Projects: Projects for Investigator
Reference Number EP/M018822/1
Title UNIGRAF: Understanding and Improving Graphite for Nuclear Fission
Status Completed
Energy Categories Nuclear Fission and Fusion(Nuclear Fission, Nuclear supporting technologies) 80%;
Nuclear Fission and Fusion(Nuclear Fission, Other converter reactors) 20%;
Research Types Basic and strategic applied research 50%;
Applied Research and Development 50%;
Science and Technology Fields PHYSICAL SCIENCES AND MATHEMATICS (Physics) 50%;
PHYSICAL SCIENCES AND MATHEMATICS (Metallurgy and Materials) 50%;
UKERC Cross Cutting Characterisation Not Cross-cutting 100%
Principal Investigator Dr H Wu
No email address given
Inst of Polymer Tech and Materials Eng
Loughborough University
Award Type Standard
Funding Source EPSRC
Start Date 24 August 2015
End Date 23 February 2019
Duration 42 months
Total Grant Value £487,539
Industrial Sectors Energy
Region East Midlands
Programme Energy : Energy
Investigators Principal Investigator Dr H Wu , Inst of Polymer Tech and Materials Eng, Loughborough University (99.999%)
  Other Investigator Professor R Smith , Mathematical Sciences, Loughborough University (0.001%)
  Industrial Collaborator Project Contact , Tsinghua University (THU). Beijing (0.000%)
Project Contact , GSI Helmholtzzentrum für Schwerionenforschung, Germany (0.000%)
Project Contact , Sinosteel Advanced Materials (Zhejiang) Co., Ltd., China (0.000%)
Project Contact , Oak Ridge National Laboratory, USA (0.000%)
Web Site
Abstract Graphite has been an important material used in nuclear energy since the first reactor at Oak Ridge Laboratory (ORNL) in the USA where it was used as a moderator to slow down neutrons and control the fission process. Graphite is also used in the existing gas-cooled reactors (AGRs) in the UK and is an important material for the next generation of nuclear reactors. However commercially produced graphite produced on a large scale for nuclear applications is not the perfect layered structure that is described in text books but has a complex microstructure which depends on the production process. It is not yet known which production process gives the 'best' type of graphite for nuclear applications as radiation damage depends critically on the type of microstructure. To understand how the different forms of graphite respond to radiation damage, a joint experimental and modelling programme will be undertaken. This will involve international project partners. Different forms of graphite will be produced by a chinese company, Sinosteel which will be irradiated with a neutron source at ORNL and analysed experimentally there, to avoid the problems of shipment of hot material to the UK. Samples of the graphite, produced by Sinosteel will also be irradiated in the UK using ion beams as a surrogate for neutrons and also at GSI Darmstadt in Germany using swift heavy ions. Various forms of experimental analysis will be undertaken at Loughborough, Oxford and Bristol to examine the microstructure and to determine the its effect on physical properties and thus the type of graphite that has the best radiation resistant properties. A complementary computer simulation investigation will help with the understanding of the basic science behind the radiation damage produced by individual collision cascades but will also examine radiation dose effects which have not been the focus so far of computational investigation.The research will be of benefit to the UK both in terms of its application to existing AGRs but will also keep the UK in the loop for new reactor designs which are currently being planned internationally, where graphite is an essential component.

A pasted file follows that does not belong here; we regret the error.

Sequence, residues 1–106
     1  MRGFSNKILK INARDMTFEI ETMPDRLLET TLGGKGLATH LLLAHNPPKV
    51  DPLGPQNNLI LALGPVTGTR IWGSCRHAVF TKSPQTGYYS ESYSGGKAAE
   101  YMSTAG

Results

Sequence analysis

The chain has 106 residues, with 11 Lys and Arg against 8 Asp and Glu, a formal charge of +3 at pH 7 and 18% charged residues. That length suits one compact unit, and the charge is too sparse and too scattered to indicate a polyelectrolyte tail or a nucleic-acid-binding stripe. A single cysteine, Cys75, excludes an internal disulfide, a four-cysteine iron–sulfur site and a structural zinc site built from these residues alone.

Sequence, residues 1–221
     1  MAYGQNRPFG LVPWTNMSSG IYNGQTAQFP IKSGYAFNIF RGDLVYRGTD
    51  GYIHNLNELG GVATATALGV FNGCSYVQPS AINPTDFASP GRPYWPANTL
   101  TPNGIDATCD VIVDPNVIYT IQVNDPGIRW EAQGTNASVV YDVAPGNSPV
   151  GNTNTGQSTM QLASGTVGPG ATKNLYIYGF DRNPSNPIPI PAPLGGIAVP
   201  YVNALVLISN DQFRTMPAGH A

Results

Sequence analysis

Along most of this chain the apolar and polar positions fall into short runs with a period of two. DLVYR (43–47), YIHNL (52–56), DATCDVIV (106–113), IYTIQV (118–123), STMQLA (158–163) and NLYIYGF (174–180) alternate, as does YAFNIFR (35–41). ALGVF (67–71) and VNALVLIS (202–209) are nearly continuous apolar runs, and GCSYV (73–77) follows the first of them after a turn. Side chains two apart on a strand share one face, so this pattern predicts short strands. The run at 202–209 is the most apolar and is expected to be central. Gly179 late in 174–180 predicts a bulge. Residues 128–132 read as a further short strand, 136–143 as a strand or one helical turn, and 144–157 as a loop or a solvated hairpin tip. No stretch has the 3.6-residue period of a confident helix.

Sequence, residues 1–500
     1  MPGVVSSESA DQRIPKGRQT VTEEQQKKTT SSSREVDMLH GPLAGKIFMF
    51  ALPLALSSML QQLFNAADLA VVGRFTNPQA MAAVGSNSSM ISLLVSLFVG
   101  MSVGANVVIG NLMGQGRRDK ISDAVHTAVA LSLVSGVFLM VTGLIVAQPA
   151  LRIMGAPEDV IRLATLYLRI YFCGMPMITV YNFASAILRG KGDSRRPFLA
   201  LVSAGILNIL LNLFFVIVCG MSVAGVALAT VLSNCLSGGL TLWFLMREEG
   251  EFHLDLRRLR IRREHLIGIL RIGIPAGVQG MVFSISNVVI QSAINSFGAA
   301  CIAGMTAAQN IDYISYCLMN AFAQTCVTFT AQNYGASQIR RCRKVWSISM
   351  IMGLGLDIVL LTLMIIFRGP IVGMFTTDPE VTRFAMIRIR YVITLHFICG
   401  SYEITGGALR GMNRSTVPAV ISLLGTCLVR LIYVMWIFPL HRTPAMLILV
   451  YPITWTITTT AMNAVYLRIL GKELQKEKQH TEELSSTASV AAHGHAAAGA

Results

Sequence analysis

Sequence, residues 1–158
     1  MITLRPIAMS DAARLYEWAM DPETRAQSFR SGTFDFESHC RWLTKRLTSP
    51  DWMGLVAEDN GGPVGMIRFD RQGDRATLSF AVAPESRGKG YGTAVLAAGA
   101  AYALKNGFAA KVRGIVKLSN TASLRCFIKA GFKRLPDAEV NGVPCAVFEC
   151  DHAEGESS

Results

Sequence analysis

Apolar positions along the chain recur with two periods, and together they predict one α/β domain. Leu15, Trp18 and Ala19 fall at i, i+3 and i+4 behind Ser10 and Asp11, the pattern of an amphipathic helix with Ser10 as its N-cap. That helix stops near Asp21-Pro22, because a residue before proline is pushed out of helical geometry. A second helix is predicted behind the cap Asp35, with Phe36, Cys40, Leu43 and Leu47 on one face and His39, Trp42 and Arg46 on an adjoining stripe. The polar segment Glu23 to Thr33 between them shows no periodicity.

Publications (none)
Final Report (none)
Added to Database 30/09/15